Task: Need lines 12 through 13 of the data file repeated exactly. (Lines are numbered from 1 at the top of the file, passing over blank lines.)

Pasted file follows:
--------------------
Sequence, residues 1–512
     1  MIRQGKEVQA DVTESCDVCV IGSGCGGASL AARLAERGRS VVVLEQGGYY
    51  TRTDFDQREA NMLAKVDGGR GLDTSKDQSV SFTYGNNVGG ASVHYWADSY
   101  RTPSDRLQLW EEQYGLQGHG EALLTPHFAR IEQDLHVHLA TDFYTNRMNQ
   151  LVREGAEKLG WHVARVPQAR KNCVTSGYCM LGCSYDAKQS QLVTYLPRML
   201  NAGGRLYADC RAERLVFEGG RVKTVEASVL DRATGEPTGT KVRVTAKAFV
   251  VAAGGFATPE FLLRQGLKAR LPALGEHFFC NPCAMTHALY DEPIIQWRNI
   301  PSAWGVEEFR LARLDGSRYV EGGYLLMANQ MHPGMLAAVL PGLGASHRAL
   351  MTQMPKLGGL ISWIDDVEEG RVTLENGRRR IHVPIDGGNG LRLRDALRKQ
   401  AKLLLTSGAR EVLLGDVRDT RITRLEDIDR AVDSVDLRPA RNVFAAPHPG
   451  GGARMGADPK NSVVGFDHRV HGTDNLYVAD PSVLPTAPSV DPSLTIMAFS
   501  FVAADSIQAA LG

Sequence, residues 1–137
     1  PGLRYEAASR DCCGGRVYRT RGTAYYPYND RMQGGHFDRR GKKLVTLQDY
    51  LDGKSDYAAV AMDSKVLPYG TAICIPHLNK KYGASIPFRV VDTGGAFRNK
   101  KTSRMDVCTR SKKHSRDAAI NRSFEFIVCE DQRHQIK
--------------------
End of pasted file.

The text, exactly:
   501  FVAADSIQAA LG

Sequence, residues 1–137